BBC Homepage World Service Education
BBC Homepagelow graphics version | feedback | help
BBC News Online
 You are in: World: Africa
Front Page 
World 
Africa 
Americas 
Asia-Pacific 
Europe 
Middle East 
South Asia 
-------------
From Our Own Correspondent 
-------------
Letter From America 
UK 
UK Politics 
Business 
Sci/Tech 
Health 
Education 
Entertainment 
Talking Point 
In Depth 
AudioVideo 

Monday, 19 March, 2001, 16:29 GMT
Money talks for Kenyan drivers
Driving school cars
Driving school fees take you a long way
Daniel Bellamy describes his driving test in Nairobi, in part of a series of features on how transport problems affect the everyday lives of Africans.

If you want to pass your driving test in Kenya you have to pass a strict theory test first. It's a sensible measure designed to improve the skills of drivers in a country plagued by horrific road accident figures.

But the theory test bears little resemblance to reality - once on the road you quickly learn to expect the unexpected.

Road signs test
It helps to know the signs
Drivers switch lanes without warning, cars turn left when they are indicating right, matatus - the notorious minibus taxis - stop to squeeze in one more passenger.

Unsurprisingly, on the day of the driving and theory tests I woke up with nervous anticipation. But after four hours waiting in the hot sun in the police station yard any nerves were replaced by simple boredom.

After being called into the station for the test on the highway code, I came out five minutes later only to wait for another three hours for the driving test itself.

Slipping and sliding

Four of us were taken off by the instructor as Nairobi's rush hour was getting into full swing. The first candidate Dan, was simply told to drive along the main road for a stretch, which he seemed to do perfectly, and then stop.

Learners sit the test
The written test is little more than a forrmality
However the next candidate Erica had a tougher time of it. For reasons only known to the examiner she was told to turn left up a dirt road being worked on by diggers.

After driving up an incline on the road Erica's test quickly took a turn for the worse. As she was unable to use the clutch properly, the car slowed and then stopped as the wheels spun around in the dirt.

The examiner helped Erica select first gear and insisted she drive on - right through the pile of dirt a foot high in the middle of the road.

As the car slid again and then stopped completely it was clear that Erica could not use the clutch - even in the back the smell of the burning clutch was overpowering.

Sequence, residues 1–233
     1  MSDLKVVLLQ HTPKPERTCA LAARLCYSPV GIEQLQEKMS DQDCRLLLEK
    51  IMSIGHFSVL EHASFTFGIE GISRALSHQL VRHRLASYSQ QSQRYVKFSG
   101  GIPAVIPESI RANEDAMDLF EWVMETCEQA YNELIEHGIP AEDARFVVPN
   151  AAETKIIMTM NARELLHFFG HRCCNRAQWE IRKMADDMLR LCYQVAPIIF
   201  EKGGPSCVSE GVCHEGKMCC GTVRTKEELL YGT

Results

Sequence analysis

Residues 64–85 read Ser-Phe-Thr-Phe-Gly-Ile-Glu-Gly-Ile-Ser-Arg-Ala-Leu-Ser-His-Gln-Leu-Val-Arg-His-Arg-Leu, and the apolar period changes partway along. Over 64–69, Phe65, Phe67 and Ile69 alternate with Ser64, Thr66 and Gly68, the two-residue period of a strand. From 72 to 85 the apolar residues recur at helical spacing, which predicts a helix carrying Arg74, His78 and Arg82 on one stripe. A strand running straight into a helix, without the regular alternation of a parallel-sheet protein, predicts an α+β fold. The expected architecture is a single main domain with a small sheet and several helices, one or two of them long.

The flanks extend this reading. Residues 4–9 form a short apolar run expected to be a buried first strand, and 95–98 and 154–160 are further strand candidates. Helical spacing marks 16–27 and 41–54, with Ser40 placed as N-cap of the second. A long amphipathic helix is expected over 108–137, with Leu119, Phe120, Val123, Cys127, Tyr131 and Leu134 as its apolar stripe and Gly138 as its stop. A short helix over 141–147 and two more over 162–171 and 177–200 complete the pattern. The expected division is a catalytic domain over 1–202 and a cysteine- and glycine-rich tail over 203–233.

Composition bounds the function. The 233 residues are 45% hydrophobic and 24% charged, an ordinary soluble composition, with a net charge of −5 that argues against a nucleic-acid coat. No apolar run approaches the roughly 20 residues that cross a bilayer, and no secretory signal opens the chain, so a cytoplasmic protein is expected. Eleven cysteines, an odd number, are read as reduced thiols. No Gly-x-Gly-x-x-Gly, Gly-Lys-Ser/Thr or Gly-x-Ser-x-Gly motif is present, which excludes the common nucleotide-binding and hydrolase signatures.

In Kenya you can buy anything

Automobile Association official
Here is a clear fail I thought, as one of the digger trucks behind us started hooting. And it got worse, in fact it got surreal; workmen gathered around the car to advise Erica how to work the clutch, select first gear and move through the dirt.

This is a driving test I thought, not a lesson, and I wondered why the instructor had insisted that a candidate drive up a road which any good driver would surely have avoided.

Prodding

It was only after a lot of prodding and help from the examiner and the road workers that Erica got the car to move and managed to drive it to the end of the road.

Driving school car
Glorious success guaranteed?
We were all simply relieved the ordeal was over, and it may even have helped the rest of us.

After all the excitement my nerves had gone, and in five minutes after performing a hill start, turning left and driving back to the police station, the test was over.

There we were all told to come back the next day for the results.

To my amazement I saw Erica stroll out of the station office happily clutching her pass certificate.

Police cut

This meant two things, I thought: first a "little something" must have been given over and second that I would surely pass - and so it turned out I did.

The next day I was at Kenya's Automobile Association to convert my new licence into an international licence. I told the AA woman about my driving test escapades but she wasn't surprised.

Your expensive driving schools fees, she told me, included 1,000 shillings ($15) for the police and that was why Erica, myself and probably all the candidates from the school passed.

"What is the phrase?" she said and then remembered: "In Kenya you can buy anything."

It was then that I felt I had not only learnt how to drive - I had learnt first hand how inescapable Kenya's legendary corruption really is.

Without realising it I had guaranteed myself a pass by choosing an expensive driving school.

I hadn't been paying for a better instructor or more lessons, I had simply been paying, as thousands of Kenyans do every day, to get things done.

Search BBC News Online

Advanced search options
Launch console
BBC RADIO NEWS
BBC ONE TV NEWS
WORLD NEWS SUMMARY
PROGRAMMES GUIDE
Links to more Africa stories are at the foot of the page.


E-mail this story to a friend

Links to more Africa stories